Notwithstanding I am one who never wants to see chickens escape their farmyard concentration camps, I had a good time observing the efforts of all the freedom-seeking fowls in Chicken Run (2000), by the creators of the well-known “Wallace and Gromit”—viz. Peter Lord and Nick Park. 

A family picture, it serves up conventional and wholesome humor as well as clay animation not exactly at its most attractive (I’m thinking of the chickens).  Oh well.  Nearly everything about CR comes off.  Screenwriter Karey Kirkpatrick manages the one-liners skillfully.  Consider:  it is a frightful, awful place, this chicken farm, and by and by the fowls find out they are to be ruthlessly transformed into chicken pies.  “I don’t want to be a pie,” blurts out a dumb but sweet chicken called Babs.  “I don’t like gravy.”  Even funnier are many of the nonchalant utterances of Rocky, an American rooster on whom the chickens depend for salvation.  I note that he’s American because all the other animated figures are British, which leads me to an observation:  Emanating from Brits, this picture depicts British know-all and American muscle (Rocky’s), but never American know-how.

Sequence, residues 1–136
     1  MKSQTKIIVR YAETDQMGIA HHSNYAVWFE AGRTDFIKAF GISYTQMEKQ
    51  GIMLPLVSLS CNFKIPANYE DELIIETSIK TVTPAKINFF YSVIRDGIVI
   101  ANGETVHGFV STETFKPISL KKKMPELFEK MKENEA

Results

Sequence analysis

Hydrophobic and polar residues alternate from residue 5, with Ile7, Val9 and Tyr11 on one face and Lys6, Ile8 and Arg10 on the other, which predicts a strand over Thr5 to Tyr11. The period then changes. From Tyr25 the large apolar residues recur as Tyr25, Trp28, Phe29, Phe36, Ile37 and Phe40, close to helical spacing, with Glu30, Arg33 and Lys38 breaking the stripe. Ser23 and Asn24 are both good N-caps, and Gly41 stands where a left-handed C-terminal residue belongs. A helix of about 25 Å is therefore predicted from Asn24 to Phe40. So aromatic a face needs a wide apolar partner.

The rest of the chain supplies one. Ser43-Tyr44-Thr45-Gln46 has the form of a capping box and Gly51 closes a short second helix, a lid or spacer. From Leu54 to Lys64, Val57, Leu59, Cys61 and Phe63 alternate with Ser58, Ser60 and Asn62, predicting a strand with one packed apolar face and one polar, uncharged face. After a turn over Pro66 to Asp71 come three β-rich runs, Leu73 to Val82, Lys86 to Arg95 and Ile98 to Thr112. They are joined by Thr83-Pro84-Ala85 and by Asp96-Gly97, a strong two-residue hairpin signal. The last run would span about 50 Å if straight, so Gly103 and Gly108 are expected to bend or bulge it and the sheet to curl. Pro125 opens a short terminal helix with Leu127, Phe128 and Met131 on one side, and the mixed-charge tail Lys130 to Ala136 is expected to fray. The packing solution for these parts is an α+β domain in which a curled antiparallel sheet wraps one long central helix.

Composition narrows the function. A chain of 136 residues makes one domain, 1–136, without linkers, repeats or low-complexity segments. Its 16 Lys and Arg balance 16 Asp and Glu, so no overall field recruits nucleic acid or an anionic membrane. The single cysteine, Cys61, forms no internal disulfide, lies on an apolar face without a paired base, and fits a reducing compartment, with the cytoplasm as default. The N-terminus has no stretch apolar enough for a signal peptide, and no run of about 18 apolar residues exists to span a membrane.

Cover of "Chicken Run"

Cover of Chicken Run